My cousin G who didn’t attend (didn’t choose to attend is how I see it) Sindhu’s engagement calls and we have this conversation
G: ” I hear the function went off very well?”
Me: ” Yes, it did, it was good”
G: ” Why can’t you say it wasn’t perfect because I wasn’t there?”
Me (now slightly keyed up) : ” you didn’t choose to come and you want me to say all these things?”
G: ” I had this important…”
Me: “huh!”

I had similar conversations with a couple more people. And I’m thinking ‘what is happening here? People don’t turn up and then they want their absence to be felt? Why didn’t they take the trouble for their presence to be felt then? ‘
Again I get some feedback from one or two people that they weren’t given sufficient attention. Oh , hell.
And then today, I listened to this wonderful talk by Brene’ Brown on TEDxHouston on connectivity and wholeheartedness. And gained some insights.
People want to be connected. Connection is why we are here…and when a  person is not acknowledged or missed or invited, there is a sense of unworthiness  -that old  ‘Im not good enough  feeling’ arises .
Brown goes on to say that people who really have a sense of worthiness -people who feel they are worthy of being connected – have a strong sense of love and belonging ; are wholehearted about the way they live life; they are open to pain and joy and are therefore, vulnerable. They are authentic and are themselves.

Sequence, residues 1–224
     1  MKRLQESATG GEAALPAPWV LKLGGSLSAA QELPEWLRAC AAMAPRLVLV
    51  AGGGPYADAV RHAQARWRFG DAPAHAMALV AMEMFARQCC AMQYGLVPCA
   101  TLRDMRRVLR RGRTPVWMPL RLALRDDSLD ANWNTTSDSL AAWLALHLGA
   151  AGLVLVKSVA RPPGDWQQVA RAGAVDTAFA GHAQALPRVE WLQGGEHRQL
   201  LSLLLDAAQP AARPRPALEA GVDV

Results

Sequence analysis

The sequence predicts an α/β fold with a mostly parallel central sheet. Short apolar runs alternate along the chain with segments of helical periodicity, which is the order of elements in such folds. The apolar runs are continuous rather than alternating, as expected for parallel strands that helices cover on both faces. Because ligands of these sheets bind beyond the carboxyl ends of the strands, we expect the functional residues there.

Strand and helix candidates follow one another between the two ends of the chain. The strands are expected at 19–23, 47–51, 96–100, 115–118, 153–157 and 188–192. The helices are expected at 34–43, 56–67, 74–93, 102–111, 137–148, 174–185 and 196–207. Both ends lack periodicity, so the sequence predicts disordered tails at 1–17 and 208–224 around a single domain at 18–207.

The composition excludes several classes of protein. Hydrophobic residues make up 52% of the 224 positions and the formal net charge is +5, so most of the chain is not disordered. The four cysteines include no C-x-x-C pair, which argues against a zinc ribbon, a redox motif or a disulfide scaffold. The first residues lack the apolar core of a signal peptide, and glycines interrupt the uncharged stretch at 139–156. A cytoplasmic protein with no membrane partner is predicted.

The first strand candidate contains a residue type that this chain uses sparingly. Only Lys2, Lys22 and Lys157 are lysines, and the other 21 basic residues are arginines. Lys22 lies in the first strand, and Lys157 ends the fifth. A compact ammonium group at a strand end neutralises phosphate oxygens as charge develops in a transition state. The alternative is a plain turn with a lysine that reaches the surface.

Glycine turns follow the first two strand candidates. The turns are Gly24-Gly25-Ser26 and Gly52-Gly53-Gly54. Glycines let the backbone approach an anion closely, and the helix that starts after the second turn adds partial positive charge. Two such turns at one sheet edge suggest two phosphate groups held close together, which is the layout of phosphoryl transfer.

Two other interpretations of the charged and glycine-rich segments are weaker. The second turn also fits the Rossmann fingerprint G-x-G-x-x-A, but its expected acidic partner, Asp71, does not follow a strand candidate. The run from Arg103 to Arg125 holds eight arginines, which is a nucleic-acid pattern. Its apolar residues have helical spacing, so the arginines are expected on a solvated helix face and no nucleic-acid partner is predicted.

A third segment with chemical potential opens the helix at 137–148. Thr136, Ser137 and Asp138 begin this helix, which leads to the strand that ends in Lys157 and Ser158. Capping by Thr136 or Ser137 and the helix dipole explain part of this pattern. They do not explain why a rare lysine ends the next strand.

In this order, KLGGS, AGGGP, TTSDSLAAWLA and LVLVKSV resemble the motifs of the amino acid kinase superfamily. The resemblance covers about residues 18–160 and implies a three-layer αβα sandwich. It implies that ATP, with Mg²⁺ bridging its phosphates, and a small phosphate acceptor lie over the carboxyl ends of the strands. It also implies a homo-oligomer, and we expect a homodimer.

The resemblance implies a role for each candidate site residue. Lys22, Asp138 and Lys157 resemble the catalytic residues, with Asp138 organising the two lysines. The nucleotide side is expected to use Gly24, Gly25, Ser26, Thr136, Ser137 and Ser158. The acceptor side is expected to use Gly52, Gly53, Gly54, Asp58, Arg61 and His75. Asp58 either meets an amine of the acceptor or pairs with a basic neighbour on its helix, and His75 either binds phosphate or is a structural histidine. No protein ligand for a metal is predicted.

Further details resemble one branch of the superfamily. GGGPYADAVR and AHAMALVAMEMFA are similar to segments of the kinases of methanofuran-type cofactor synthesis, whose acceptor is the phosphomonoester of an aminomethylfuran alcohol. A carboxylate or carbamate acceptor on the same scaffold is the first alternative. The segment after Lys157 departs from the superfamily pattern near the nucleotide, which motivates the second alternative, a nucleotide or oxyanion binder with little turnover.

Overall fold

In order for connection to happen, we have to allow ourselves to be seen — really seen.” ~ Brené Brown

And then I thought that my cousin G is open to saying what he feels instead of hiding it as most of us, including me, do most of the time.
We know how we feel more open with people who tell us their problems, their thoughts , their feelings in a ‘you-can’t-stop-me’ kind of way. We feel reassured; this person feels connected enough to me to open up.
But yet , its hard for many of us to open up  and let things out. We don’t even acknowledge those niggling feelings to ourselves. But they are there. And its time to get in touch.

2 thoughts on “Connections

  1. Good observations here.I have always noticed how people always ask about the person who does not turn up – X varaliya? Hasn’t Y come? It is a form of extended courtesy, and also a little disappointment that the said X and Y haven’t turned up.

    I have a cousin who told that she never asks people who did not attend why they did not come, instead look after those present well.

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